Suddenly moving across the country can quickly teach someone the little things of a city that you can take for granted. While I can’t say we miss the frozen months served up during Chicago winters, Jerry and I agree that few things are more effective at fighting off Lake Michigan’s gusts of liquid nitrogen than a helping of Deep Dish Pizza. To celebrate this amazing food in the Bay Area, Jerry and I decided to take matters into our own hands (restaurants that serve this are few and far).
Recipe adapted from here.
As with any pizza, the crust is the foundation that the house of flavor is built on, which is why we planned for this in advance. 24 hours before baking and serving, it was time to whip up the dough. This was the KitchenAid’s natural stomping ground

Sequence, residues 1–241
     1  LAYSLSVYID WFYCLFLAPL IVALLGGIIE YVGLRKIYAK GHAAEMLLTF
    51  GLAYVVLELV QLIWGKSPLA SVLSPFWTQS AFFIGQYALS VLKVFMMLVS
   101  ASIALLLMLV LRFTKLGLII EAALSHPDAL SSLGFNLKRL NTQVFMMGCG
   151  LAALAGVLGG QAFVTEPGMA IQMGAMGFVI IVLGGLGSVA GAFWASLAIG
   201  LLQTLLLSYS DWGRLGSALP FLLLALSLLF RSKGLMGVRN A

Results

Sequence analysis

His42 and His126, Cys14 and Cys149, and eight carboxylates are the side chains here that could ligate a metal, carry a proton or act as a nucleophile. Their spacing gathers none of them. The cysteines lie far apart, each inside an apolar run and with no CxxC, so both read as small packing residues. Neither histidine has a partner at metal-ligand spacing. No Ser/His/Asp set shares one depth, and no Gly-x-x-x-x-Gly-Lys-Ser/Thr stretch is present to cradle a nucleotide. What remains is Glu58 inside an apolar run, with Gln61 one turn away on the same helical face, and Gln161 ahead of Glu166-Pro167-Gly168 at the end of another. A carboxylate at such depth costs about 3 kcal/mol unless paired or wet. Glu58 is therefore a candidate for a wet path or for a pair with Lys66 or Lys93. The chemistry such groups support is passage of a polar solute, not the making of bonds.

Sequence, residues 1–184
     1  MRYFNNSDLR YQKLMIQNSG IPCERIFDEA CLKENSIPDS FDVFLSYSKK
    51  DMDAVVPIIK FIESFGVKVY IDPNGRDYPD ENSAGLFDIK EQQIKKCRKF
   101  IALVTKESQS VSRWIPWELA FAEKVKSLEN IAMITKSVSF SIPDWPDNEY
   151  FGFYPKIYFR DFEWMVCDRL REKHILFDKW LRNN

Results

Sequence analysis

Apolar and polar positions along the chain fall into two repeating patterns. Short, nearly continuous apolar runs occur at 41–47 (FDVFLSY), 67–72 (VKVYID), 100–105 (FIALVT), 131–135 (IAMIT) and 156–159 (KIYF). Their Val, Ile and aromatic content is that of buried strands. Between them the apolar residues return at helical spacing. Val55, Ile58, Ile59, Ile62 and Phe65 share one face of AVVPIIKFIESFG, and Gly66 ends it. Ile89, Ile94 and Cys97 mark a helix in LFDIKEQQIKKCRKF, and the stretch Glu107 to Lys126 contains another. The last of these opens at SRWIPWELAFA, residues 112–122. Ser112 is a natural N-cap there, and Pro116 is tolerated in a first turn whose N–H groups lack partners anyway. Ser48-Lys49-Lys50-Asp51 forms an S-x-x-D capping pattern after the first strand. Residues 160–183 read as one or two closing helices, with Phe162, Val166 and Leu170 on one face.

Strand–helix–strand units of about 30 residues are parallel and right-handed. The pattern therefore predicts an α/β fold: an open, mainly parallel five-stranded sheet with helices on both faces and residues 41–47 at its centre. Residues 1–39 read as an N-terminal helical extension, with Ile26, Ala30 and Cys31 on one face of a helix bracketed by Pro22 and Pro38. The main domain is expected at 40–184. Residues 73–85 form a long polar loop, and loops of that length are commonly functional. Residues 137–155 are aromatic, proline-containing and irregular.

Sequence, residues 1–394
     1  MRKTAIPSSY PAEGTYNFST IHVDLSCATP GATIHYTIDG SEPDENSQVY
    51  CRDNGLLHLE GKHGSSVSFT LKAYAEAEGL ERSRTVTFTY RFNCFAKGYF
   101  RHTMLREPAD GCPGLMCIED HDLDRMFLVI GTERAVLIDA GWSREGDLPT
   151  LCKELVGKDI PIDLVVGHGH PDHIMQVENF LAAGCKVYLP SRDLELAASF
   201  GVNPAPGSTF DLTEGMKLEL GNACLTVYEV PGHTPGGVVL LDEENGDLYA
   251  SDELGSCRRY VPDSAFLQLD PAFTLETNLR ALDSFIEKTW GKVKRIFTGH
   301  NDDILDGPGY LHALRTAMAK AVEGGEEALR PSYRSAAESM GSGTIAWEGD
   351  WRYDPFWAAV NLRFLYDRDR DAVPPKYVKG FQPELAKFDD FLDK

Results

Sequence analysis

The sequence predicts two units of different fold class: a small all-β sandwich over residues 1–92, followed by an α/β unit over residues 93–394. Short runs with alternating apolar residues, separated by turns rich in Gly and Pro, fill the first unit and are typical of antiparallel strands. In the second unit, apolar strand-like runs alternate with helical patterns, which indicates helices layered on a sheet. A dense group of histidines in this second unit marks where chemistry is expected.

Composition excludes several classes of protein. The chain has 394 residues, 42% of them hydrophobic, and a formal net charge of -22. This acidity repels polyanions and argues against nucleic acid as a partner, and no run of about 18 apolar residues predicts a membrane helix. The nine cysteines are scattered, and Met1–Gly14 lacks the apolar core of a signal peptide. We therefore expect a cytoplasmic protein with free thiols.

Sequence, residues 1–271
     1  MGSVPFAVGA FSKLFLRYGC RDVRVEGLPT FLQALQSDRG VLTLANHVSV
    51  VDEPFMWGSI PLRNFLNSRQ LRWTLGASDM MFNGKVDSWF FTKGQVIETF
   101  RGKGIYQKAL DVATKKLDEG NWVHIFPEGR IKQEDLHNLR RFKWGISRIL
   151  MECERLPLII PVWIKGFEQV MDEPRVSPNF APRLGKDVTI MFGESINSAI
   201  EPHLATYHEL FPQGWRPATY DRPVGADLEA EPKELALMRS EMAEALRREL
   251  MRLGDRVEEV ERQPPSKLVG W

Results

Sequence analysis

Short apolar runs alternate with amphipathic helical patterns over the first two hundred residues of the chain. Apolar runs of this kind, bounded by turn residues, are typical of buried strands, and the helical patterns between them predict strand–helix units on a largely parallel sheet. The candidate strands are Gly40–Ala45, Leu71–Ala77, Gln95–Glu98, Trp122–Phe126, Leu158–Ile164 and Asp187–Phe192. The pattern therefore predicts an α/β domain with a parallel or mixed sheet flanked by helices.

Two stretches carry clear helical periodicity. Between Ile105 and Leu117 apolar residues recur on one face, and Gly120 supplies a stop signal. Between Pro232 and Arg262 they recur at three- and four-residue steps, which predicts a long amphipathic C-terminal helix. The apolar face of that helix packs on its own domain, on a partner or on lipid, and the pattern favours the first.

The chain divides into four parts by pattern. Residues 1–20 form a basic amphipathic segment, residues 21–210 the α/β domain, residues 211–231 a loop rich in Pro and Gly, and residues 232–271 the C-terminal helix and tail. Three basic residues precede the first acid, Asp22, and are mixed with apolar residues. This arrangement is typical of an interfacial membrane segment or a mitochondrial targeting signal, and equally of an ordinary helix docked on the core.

After sitting in the refrigerator overnight, I was glad it did not decide to crawl all the way out of my bowl and walk away. The following evening we divided the dough in half, and placed them in well-greased 9″ cake pans and set to work of working the dough out from the center of the pans all the way to the edges. Working with a pan can be much easier than traditional disc crust. A lot less detail (and skill) is required to get proper coverage in order to set the stage for the toppings.
Remember, a pizza will only be as good as the ingredients you put into it! For ours, Jerry layered some freshly sliced mozzerlla and provolone, while I browned the spicy Italian sausage with some onions.
Jerry made the pilgrimage to Chicago for some famous Lou Malnati’s sauce (with tomatoes from California, ha!). Finishing the pizza was as simple as covering the cheese/toppings with sauce, and sprinkle with some fresh basil and Parmesan, and the pies were ready for baking.
25 minutes later, it felt like we just landed 2000 miles away. (Only thing missing is a nice cold Goose Island)
-John & Jerry